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Rob Kailey is a working schmuck with no ties or affiliations to any governmental or political organizations, save those of sympathy.

More on "climategate"

by: Jay Stevens

Tue Dec 01, 2009 at 18:33:24 PM MST

Just a couple of links to augment the "climategate" discussion from yesterday:

The raw data from CRU is not "lost":

So what did happen? CRU took the raw data from various primary sources, aggregated it and then made adjustments. It is some of the aggregation that they threw out when they moved a few decades ago. This means that the original data still exists at the primary sources and can be reaggregated. In fact, CRU is busy doing that just now.

Where did I get this information? From one of the largest thorns in the AGW community's side, Roger Pielke Jr., who seems completely satisfied with their explanation.

Mikkal Fishman reminds us that scientific data is often jealously guarded by scientists when new discoveries are made, or hypotheses. "Climategate" may actually benefit climate change science by forcing climatologists to "develop a standardized way of disseminating their data and models to the public," which will be a good thing.

The NYTimes' Andrew Revkin notes that the controversy has, at least, caused CRU to make their data available. Still, as an Illinois climatologist notes, the exposed emails served as "a complete distraction from the body of evidence pointing to a human hand on the planet's thermostat." After all, even the harshest, "rational" critics make no bones about the substance of climatology's findings, just the style of  scientists....

...which brings us back to yesterday's post, which noted that it's the kind of behavior you'd expect from folks who have been on the receiving end of a massive, years-long, corporate-funded disinformation campaign.


Jay Stevens :: More on "climategate"
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Pielke Jr (0.00 / 0)
I see where you repeat the "skeptic" label.  Dr. Pielke responded to that back in Sept.:  http://rogerpielkejr.blogspot....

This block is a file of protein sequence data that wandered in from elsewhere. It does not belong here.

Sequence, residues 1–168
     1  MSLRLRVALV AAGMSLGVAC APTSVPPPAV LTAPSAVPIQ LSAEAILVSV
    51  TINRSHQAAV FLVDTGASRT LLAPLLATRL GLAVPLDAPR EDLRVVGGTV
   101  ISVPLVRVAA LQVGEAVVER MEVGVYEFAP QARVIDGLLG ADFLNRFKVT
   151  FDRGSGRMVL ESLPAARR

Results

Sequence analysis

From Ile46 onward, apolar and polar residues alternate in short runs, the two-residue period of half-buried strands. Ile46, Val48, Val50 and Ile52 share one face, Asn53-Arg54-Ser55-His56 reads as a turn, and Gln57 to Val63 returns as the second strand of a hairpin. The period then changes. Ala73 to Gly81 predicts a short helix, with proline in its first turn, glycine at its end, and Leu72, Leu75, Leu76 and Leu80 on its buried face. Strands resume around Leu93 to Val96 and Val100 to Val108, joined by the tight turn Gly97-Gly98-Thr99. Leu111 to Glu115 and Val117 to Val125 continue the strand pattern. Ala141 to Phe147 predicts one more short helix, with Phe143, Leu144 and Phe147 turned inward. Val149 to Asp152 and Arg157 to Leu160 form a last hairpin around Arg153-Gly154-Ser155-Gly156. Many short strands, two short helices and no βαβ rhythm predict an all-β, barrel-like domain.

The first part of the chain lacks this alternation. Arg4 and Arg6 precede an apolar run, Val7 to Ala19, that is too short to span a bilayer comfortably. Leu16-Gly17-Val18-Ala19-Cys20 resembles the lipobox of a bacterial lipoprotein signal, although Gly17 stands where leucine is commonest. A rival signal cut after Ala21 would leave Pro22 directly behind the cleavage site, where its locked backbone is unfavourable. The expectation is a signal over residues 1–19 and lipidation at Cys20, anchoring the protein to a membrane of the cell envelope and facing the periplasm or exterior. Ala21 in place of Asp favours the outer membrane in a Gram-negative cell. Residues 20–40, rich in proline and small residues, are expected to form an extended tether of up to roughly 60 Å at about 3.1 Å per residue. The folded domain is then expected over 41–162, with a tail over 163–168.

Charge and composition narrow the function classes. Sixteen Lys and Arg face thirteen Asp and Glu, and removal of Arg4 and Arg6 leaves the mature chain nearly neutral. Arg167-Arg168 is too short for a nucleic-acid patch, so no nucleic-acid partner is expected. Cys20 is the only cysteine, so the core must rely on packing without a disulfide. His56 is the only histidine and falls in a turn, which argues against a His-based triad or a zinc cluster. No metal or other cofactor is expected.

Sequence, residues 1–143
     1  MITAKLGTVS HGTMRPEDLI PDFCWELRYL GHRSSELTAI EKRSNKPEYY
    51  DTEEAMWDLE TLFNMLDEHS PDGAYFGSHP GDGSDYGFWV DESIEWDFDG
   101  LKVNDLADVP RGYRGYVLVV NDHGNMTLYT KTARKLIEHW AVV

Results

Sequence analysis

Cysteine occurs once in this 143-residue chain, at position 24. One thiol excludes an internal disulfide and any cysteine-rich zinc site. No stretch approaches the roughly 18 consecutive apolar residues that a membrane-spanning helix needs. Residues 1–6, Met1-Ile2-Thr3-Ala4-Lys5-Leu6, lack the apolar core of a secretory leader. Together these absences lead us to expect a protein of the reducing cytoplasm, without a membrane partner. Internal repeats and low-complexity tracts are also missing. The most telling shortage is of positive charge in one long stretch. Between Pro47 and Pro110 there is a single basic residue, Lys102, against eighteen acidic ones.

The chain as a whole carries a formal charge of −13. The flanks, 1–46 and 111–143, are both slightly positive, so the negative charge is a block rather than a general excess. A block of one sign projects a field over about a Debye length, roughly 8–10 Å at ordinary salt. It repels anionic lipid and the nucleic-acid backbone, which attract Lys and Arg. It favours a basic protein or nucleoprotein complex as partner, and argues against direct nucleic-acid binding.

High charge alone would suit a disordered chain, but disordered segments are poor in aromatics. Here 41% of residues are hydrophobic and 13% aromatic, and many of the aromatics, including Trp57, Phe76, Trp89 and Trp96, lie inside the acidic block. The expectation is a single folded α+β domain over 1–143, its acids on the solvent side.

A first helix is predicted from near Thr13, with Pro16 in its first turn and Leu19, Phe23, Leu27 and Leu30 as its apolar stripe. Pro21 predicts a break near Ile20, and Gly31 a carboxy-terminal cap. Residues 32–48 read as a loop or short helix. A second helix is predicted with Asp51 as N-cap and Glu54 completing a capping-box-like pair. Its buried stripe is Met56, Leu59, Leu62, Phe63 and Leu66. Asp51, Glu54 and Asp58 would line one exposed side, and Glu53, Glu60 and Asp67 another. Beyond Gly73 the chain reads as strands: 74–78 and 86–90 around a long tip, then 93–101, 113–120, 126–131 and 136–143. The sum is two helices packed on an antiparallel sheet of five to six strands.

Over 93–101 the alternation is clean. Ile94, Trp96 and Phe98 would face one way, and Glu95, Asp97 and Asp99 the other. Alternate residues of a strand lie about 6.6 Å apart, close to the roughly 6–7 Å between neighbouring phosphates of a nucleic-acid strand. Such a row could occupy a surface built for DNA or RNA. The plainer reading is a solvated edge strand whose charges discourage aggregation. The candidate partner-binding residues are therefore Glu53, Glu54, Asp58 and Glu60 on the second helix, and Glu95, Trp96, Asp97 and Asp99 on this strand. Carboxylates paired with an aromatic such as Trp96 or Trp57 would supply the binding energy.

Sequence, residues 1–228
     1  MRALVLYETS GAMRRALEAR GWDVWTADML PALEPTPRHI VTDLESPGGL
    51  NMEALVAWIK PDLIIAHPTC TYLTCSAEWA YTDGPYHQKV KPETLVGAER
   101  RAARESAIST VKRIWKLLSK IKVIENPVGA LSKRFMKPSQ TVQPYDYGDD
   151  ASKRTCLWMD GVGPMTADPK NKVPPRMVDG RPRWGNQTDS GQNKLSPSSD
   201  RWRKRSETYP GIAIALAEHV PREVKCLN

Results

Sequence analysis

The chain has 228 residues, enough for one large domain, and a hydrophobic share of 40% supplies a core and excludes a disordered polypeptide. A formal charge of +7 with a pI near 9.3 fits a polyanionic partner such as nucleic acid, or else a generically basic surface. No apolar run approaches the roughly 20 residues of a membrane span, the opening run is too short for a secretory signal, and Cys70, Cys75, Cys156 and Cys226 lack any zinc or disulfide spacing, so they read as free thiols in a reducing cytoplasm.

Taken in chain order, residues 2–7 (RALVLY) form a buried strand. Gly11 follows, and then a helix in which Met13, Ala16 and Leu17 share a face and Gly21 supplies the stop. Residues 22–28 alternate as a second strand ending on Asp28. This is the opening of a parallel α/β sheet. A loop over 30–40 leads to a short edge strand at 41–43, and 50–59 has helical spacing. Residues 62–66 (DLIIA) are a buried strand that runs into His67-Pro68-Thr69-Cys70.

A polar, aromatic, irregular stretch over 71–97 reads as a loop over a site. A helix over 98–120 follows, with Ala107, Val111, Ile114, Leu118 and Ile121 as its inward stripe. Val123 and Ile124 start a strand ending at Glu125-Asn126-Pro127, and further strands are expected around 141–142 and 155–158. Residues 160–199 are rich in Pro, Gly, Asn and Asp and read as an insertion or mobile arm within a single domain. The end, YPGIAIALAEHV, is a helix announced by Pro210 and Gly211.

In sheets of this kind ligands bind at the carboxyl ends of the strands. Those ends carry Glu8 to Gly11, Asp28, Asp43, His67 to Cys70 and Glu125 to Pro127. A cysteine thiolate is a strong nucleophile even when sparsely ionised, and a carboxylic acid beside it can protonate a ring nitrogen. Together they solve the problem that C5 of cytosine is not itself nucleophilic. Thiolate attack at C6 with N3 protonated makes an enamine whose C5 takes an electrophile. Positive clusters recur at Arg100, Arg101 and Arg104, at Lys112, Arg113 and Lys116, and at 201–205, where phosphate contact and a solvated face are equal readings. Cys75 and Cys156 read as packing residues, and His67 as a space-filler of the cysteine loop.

15 September 2009
Are You a Climate Skeptic?!
Further evidence that climate science is deeply troubled. In a conversation on the difficulties of sustaining intensity of public opinion on climate policy, I cited the Knight et al. BAMS piece in conversation last night in a small group of professional colleagues, mentioning that it said that global temperatures had not increased in a decade, and that this sort of thing worked against sustaining intense public support. It seemed like a fairly obvious point, and uncontroversial.

However, one colleague, a scientist working at the climate science-policy interface who I met for the first time this week, looked at me incredulously when I mentioned the 10-year period of no warming and asked, "What are you a climate skeptic?!"

I said, "No I'm not, I'm just citing a paper in BAMS I saw today."

He accused, "You said ten years; That is selective."

I replied, "Well, that is just what the paper says. I'm just explaining what it said."

He again accused, "No, you said 10 years!"

Um, OK.

When stating facts reported in peer reviewed journals that are in articles justifying continued concern about warming results in being called a "climate skeptic" by a colleague, then you know that the community has some deep issues.

I have read Dr. Pielke's previous Prometheus blog for several years.  One thing he is not is a skeptic.  One thing he shares with his father is being a true scientist.  He wrote this back in 2006:  http://sciencepolicy.colorado....

From my perspective, a view that bad policy arguments should be acceptable so long as they help us "win" in political battle is exactly the sort of thinking that motivated the Bush Administration's selling of the Iraq War. Not only did a bad policy result (i.e., one that has not achieved the ends on which it was sold on), but it has harmed the ability of the President to act (maybe a good thing in this case), and certainly diminished the credibility of intelligence. The exact same dynamics are at risk in the climate debate when scientists support their political preferences with bad policy arguments, or stand by silently while others speak for them.

It's politics that demand "either you are with me or against me."  It's science when following the data to transcend the rhetorical politics.

I too have followed his blog (0.00 / 0)